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Suicide Life Threat Behav. 2018 Apr;48(2):140-148. doi: 10.1111/sltb.12345. Epub 2017 Mar 13.

The Impact of Cannabis Use Disorder on Suicidal and Nonsuicidal Self-Injury in Iraq/Afghanistan-Era Veterans with and without Mental Health Disorders.

Author information

1
Durham Veterans Affairs Medical Center, Durham, NC, USA.
2
VA Mid-Atlantic Mental Illness Research, Education, and Clinical Center, Durham, NC, USA.
3
Duke University Medical Center, Durham, NC, USA.
4
VISN 17 Center of Excellence for Research on Returning War Veterans, Waco, TX, USA.
5
Central Texas Veterans Health Care System, Temple, USA.
6
Texas A&M University Health Science Center, College Station, TX, USA.
7
Warriors Research Institute, Baylor, Scott & White Healthcare System, Waco, TX, USA.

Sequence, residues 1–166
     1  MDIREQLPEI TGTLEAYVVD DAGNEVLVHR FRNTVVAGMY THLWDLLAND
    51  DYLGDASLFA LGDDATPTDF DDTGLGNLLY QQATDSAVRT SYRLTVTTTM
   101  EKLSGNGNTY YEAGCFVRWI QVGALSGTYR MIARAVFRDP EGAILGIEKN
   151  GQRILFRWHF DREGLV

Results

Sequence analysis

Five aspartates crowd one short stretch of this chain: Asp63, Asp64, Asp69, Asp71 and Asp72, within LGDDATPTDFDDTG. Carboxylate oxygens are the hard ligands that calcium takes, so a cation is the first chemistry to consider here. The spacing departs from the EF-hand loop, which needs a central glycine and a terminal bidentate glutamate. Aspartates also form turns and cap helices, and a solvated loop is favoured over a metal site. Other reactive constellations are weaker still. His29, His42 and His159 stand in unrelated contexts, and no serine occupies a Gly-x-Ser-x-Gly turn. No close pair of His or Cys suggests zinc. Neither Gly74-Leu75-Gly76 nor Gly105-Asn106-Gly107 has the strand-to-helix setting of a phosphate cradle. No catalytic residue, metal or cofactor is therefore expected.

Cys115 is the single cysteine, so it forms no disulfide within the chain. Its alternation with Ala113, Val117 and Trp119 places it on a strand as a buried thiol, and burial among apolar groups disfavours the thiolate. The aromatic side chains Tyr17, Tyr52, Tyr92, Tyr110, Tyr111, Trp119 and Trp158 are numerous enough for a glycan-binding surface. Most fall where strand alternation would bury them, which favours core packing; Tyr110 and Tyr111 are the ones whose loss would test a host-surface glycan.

8
The University of Texas at San Antonio, San Antonio, TX, USA.

Abstract

The objective of this study was to assess the association between cannabis use disorder (CUD) and self-injury among veterans. As expected, after adjusting for sex, age, sexual orientation, combat exposure, traumatic life events, traumatic brain injury, posttraumatic stress disorder, depression, alcohol use disorder, and noncannabis drug use disorder, CUD was significantly associated with both suicidal (OR = 3.10, p = .045) and nonsuicidal (OR = 5.12, p = .009) self-injury. CUD was the only variable significantly associated with self-injury in all three models examined. These findings are consistent with prior research among civilians and suggest that CUD may also increase veterans' risk for self-injurious behavior.

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